“He will become like Messi,” declared the Corriere dello Sport after Paulo Dybala produced another virtuoso performance to help Juventus record a tenth consecutive Serie A victory on Sunday. A devilishly whipped free kick courtesy of his wand-like left foot, an emphatically struck penalty and a couple of assists all before the referee had even blown for half-time had left Udinese shell-shocked and provided only further proof that the Bianconeri’s fifth title defence was very much on. The early season gloom has shifted in Turin and aside from scudetto talk, supporters of the Old Lady can gloat over what appears to be a €32 million summer bargain.
Such a bold conclusion can be made of very few similarly exorbitant transfer fees and when Juve slumped to a fourth league defeat from their opening ten Serie A fixtures against comparative minnows Sassuolo in October not only did the scudetto look a long way off but the losses of Carlos Tevez, Andrea Pirlo and Arturo Vidal appeared fatal.
Up until this point, Juventus manager Massimiliano Allegri had used Dybala rather sparingly despite the expense and, while the Italian coach rationalised this with talk of easing in the 22-year-old and the need for ‘growth,’ many supporters were growing impatient. Outspoken Palermo president Maurizio Zamparini, who brought Dybala to Italian football from Instituto in 2012, went one further in his vitriolic attack on Allegri: “Allegri is on track to ruin Dybala. Dybala is football, but Allegri is not. Dybala should be given freedom to roam from the right wing and do his own thing, just like Lionel Messi.”
The word of the often maniacal Zamparini is perhaps to be taken with a shovelful of salt but the fact remained that Juventus’ attack was faltering. Without the impact of Tevez, Pirlo, Vidal and Fernando Llorente, who together had contributed more than half of Juve’s goals in the previous season, the Bianconeri had hit the net only 12 times in the opening ten fixtures – an average of just 1.2 goals per game.
The improvement since that defeat to Sassuolo is startling and although there are other factors, such as Paul Pogba rediscovering his best form, central to the revitalised Juve has been Dybala. 26 goals from the next ten victories has seen the average goals per game shoot up to 2.6 as Allegri’s scudetto holders have closed to within two points of the Seria A summit and Dybala’s personal statistics are no less impressive. In his last nine outings, La Joya has scored seven and created five, taking his overall tally to eleven goals and seven assists and, while his goalscoring record is exactly the same as Tevez after 20 matches, Dybala’s role as creator is even more pronounced.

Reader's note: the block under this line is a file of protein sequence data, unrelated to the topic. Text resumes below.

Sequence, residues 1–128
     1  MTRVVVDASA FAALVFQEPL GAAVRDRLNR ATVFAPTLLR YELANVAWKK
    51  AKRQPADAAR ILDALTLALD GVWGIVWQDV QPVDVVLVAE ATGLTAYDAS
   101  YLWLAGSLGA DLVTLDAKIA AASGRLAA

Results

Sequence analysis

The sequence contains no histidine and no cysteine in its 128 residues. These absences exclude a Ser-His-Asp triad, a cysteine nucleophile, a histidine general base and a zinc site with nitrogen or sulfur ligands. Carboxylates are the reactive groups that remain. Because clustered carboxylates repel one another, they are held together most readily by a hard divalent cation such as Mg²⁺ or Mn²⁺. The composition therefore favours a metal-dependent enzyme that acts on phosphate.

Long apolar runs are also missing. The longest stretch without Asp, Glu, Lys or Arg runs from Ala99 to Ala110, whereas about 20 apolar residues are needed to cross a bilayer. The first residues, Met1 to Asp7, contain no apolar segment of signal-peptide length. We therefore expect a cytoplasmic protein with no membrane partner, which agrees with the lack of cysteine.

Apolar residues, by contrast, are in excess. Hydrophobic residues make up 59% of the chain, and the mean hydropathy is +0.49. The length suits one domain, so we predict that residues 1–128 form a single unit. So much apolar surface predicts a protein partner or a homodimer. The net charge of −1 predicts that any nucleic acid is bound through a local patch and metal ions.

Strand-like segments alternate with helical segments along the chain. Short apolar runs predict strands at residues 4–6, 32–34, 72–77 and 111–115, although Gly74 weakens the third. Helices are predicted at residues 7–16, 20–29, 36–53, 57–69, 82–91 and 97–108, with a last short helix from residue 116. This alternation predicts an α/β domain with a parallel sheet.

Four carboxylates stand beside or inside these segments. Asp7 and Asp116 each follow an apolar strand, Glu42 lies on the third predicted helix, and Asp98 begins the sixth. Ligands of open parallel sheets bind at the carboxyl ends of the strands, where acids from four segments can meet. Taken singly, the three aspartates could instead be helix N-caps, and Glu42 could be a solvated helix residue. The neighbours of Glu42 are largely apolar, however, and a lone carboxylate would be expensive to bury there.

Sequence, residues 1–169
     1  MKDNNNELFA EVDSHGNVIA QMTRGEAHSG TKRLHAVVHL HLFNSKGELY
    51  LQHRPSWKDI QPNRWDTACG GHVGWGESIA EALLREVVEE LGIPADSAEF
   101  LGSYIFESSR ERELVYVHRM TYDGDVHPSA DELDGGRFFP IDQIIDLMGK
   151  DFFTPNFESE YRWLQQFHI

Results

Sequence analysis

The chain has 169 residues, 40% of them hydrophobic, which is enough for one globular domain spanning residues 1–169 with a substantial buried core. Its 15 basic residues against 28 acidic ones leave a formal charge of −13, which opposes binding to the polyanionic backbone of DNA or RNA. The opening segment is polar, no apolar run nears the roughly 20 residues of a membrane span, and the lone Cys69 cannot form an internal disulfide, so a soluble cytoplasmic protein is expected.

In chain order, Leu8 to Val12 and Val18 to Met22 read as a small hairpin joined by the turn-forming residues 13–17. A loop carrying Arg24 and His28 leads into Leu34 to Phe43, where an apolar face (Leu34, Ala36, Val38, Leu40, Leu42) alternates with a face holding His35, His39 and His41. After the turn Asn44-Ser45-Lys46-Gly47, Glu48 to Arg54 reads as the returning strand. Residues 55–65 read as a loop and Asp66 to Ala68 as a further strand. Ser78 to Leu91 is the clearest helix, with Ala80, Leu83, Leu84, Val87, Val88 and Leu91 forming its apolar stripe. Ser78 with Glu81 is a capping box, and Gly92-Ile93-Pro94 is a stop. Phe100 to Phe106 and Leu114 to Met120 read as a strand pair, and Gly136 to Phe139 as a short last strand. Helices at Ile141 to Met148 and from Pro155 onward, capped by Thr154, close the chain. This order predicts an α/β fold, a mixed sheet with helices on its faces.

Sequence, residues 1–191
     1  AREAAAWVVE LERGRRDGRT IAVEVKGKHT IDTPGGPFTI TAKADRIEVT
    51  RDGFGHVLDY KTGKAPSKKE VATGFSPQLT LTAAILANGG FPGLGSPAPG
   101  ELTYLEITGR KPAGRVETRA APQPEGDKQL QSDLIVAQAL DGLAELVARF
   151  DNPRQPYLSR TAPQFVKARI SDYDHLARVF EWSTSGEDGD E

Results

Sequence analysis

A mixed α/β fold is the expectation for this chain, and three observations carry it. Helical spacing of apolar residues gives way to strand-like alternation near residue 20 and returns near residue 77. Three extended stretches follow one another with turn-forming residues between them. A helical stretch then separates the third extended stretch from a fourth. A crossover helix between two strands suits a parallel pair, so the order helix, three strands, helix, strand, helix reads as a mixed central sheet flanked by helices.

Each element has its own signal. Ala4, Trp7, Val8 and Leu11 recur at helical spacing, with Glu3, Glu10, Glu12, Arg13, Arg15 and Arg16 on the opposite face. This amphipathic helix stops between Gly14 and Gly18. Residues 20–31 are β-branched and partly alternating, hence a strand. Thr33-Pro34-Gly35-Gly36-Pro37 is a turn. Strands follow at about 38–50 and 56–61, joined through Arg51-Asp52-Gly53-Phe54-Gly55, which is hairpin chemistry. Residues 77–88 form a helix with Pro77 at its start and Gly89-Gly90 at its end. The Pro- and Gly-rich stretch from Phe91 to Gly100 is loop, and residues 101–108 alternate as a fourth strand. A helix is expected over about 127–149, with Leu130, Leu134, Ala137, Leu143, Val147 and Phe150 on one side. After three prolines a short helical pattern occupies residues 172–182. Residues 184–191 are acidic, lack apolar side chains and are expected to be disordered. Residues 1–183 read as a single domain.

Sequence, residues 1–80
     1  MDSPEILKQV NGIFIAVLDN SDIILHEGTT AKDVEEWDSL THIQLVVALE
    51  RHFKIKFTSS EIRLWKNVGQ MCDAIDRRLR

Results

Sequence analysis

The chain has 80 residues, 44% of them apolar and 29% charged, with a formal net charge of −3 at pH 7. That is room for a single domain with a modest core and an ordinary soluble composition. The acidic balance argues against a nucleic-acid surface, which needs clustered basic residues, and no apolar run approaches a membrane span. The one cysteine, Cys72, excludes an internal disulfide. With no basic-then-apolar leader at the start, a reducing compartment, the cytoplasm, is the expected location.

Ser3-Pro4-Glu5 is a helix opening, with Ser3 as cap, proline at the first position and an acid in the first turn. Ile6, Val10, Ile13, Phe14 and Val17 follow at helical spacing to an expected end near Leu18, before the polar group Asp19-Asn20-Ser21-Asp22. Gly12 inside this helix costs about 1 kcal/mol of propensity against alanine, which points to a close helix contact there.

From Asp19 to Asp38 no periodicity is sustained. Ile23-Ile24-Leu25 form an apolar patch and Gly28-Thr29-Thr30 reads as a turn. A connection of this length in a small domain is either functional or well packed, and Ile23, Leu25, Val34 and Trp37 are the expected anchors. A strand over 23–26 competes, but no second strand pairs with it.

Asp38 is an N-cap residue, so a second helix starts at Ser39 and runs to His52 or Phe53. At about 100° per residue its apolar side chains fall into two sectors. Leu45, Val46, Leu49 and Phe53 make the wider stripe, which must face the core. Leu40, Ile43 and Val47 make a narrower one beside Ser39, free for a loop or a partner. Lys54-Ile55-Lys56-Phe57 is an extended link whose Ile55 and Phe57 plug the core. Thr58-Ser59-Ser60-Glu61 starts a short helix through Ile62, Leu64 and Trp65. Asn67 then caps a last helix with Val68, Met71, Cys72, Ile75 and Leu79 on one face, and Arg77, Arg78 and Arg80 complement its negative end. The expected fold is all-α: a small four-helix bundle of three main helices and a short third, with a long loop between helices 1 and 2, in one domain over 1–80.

7 – Paulo Dybala has either scored or assisted 7 of Juventus’s 9 Serie A goals in 2016 (3 goals, 4 assists). Pearl.
— OptaJavier (@OptaJavier) January 17, 2016
Dybala has made no secret of his admiration for the compatriot that he replaced and when asked about the comparisons between the two after netting in the victory against Atalanta, the 22-year-old responded: “I played like Tevez, you say? Well, OK, almost as a trequartista, between the lines. But the truth is that I have been studying him for a year. I watched almost all of his games last season, and when we train together with the national team, I try to take as much as possible from him.” However, while Tevez’s strength is his unerring desire to win, there is a greater grace and precision to Dybala’s game; El Apache struck 27 times in Serie A and the Champions League respectively but his record of eight assists is already within touching distance.
It is also worth noting that Tevez arrived in Turin, a 29-year-old Copa Libertadores, three-time Premier League and Champions League winner. At the peak of his powers, Juventus knew exactly what they were signing; Dybala arrived full of promise but yet to realise his full potential.
A left-footed bundle of energy, who scores and creates goals and is now part of Gerardo Martino’s Argentina squad it is all to easy to make comparisons with Lionel Messi. Maurizio Zamparini’s prophecy that Dybala, “is going to be better than Cristiano Ronaldo, [Lionel] Messi and [Zlatan] Ibrahimovic,” correctly remains in the future tense and while any prediction of matching the feats of a player destined to go down as best of all-time are destined to fail, there is no reason why Dybala could not be an elite level, future Ballon d’Or winner.
Certainly his recent stats are comparable to any player as he trails only Gonzalo Higuaín in the scoring stakes in Serie A, tops the assists. With an average of 2.4 key passes per match and a pass completion percentage of 84.4% Dybala’s outstanding passing and presence as a creative hub in the usually congested final third of the pitch is evident.
Almost two years Dybala’s senior, Barcelona and Brazil forward, Neymar has now established himself in the same breath as the world’s best and took the podium in last week’s Ballon d’Or ceremony. Dybala must now maintain his current level whilst continuing to develop to prove his consistency and be considered among the same group. What often separates the good from the great is this ability to be virtually exempt from dips in form, the high level that a truly world class player sets when on form is simply that player’s level. A good player can have an outstanding six months, maybe even a season, but a great player maintains this and this is what Dybala must now prove. Recent years have been dominated by the individual battle for superiority between Messi and Ronaldo, it is not beyond the realms of possibility that Dybala and Neymar could bring a new rivalry to world football in a few years.